Therefore, you spend a lot of time reviewing valuations from other firms so that the audit team can agree on specific line items on the financial statements, such as the stock-based compensation expense recorded on the income statement.

By contrast, you’ll often do more “interesting” work at boutiques and smaller, independent firms: anything from valuing Anthony Bourdain’s estate to a valuation of a near-bankrupt company in a distressed private equity firm’s portfolio.

What this means for you, as an entry-level employee, is that you’ll be spending a lot more time in Excel than you would be in investment banking.

You might spend over 50% of your time in spreadsheets, which would be unusual even in more technical groups in IB; there, PowerPoint, Word, and “fix random problem X” are more common.

The Top Valuation Firms

The Big 4 firms – Deloitte, E&Y, PwC, and KPMG – all do business valuation, but, as mentioned above, much of it supports their audit practice.

Outside of them, the largest independent valuation firm is Duff & Phelps.

It does far more than valuation, as it also offers compliance and regulatory consulting, cyber risk assessments, and restructuring advisory.

Houlihan Lokey is also considered a top business valuation firm, but it acts as a middle market investment bank that advises on deals as well.

Other names include Stout Risius Ross (SRR), BDO, Grant Thornton, Willamette, Alvarez & Marsal, RSM, CBIZ, CohnReznick, MPI, VRC, Withum, Andersen, Baker Tilly, and Mercer Capital.

Similar to Duff & Phelps, most of these firms do more than just valuation, and many specialize in certain areas.

For example, Alvarez & Marsal is best-known for turnaround consulting and restructuring-related services.

Then there are dozens, if not hundreds, of boutique valuation firms that specialize in specific geographies or industries.

Valuation Salaries, Bonuses, and Lifestyle

Total compensation for entry-level roles at these firms ranges from $60K to $80K USD, with a bonus that might represent 0% to 25% of your base salary.

Yes, that is far lower than the compensation in investment banking, but the lifestyle makes up for the lower pay: you’ll usually work 40-50 hours per week.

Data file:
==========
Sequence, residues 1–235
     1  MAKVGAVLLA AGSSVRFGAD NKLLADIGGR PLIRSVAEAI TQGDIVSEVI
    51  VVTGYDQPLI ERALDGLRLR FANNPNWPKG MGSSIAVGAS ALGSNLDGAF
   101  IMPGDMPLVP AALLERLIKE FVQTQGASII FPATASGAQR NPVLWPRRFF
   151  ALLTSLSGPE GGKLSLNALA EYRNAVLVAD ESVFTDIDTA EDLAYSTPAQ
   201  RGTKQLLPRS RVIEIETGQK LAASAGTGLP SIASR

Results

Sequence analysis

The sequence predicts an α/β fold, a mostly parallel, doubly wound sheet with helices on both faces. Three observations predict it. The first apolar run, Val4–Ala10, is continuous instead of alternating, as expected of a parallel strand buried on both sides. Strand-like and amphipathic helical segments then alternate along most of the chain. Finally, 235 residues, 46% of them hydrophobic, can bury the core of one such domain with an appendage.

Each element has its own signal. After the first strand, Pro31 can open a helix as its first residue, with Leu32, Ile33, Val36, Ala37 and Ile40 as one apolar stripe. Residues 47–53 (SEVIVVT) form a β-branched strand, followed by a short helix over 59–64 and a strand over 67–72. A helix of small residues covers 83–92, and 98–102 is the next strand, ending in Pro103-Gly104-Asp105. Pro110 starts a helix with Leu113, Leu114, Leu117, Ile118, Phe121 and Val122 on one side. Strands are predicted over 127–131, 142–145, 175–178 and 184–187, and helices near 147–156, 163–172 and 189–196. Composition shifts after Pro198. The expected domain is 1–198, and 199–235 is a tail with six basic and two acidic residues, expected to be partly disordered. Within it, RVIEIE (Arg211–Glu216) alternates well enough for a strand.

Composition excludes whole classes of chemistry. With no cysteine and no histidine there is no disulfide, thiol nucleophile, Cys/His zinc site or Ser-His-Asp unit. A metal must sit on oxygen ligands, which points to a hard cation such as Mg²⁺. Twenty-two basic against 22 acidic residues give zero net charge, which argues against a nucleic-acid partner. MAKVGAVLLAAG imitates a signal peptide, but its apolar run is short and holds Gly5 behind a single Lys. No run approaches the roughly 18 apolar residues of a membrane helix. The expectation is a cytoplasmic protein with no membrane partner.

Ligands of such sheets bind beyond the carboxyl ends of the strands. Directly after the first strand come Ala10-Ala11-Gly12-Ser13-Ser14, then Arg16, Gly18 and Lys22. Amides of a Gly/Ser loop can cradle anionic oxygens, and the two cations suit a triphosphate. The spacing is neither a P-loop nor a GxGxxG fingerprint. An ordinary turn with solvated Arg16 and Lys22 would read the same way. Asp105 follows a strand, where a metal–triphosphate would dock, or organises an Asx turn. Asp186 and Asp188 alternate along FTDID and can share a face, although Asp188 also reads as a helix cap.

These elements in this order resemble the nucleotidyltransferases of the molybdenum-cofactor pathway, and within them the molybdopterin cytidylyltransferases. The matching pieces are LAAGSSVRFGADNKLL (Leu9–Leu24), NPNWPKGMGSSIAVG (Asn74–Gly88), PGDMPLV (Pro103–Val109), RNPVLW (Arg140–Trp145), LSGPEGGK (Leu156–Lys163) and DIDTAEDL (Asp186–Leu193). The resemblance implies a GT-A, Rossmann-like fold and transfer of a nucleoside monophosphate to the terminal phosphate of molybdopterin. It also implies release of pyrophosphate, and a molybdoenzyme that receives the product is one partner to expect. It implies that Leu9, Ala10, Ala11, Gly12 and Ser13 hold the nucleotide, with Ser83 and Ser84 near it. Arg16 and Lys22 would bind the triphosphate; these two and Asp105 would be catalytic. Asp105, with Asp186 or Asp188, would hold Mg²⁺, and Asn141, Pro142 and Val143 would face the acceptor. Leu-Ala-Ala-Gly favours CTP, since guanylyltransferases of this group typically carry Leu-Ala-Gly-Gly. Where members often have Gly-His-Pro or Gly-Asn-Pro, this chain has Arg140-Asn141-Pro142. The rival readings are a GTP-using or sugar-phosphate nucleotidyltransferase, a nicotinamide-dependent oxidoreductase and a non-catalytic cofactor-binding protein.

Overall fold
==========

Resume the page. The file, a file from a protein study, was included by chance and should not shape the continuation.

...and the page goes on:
The hours might be longer at the larger firms, but it’s never going to be a consistent 80-hour-per-week job.

Also, travel is not that frequent if you’re in a pure valuation team, especially compared with the requirements in “financial due diligence” (FDD).

You might go on the occasional trip, but you won’t be out of the office every week.

Non-Big-4 firms tend to pay less than the Big 4 firms, but the differences tend to decrease as you advance up the ladder.

At the highest levels, Partners and MDs at business valuation firms could earn in the low-to-mid-six-figure range (think: $250K to $500K).

I could not find much evidence of the average compensation at this level being in the $1 million range, but it might happen occasionally.

That level is more plausible at the Big 4 firms, but you should note that Big 4 Partners tend to start in the same low-to-mid-six-figure range.

To earn $1 million at a Big 4 firm, you need to generate revenue that is a multiple of your compensation, such as $4-5 million per year, so it might take years to get there.

(NOTE: Compensation figures as of 2020.)

The Long-Term Career Path in Business Valuation: Worthwhile?

The hierarchy in business valuation is quite similar to the one in investment banking: Analyst, Associate, Vice President, Senior Vice President or Director, and Managing Director or Partner.

Sometimes it’s more compressed, with fewer people in the middle; for example, some firms only have Analysts, VPs, and MDs.

That’s possible because they do not work on extended deal processes that require constant client contact.

As you move up, it becomes more of a sales role, where you need to win new clients and bring in additional assignments from existing clients to advance.

Overall, though, there’s less pressure than in IB because the fees are lower, and many of the assignments are “routine” and not dependent on massive deals.

In terms of stability, groups that focus on M&A and litigation assignments tend to have fluctuating deal flow because they’re highly sensitive to the economy.

Estate and gift tax groups are stickier because wealthy people are always dying regardless of economic conditions, and portfolio company valuation is somewhere in between.

The basic trade-offs of this career path are simple: you earn significantly less than in IB/PE, but you also work less and endure less stress.

You also become more of a specialist rather than a generalist who works on different deals types across industries.

Recruiting at Valuation Firms

Overall, recruiting is less competitive than it is in investment banking or private equity.

You don’t need to start years in advance, you can have a slightly lower GPA, and you don’t need to attend one of the top universities.

The list of “target schools” is broader and includes top state schools, a few private business schools, some of the Ivy League, and some Master’s in Finance programs.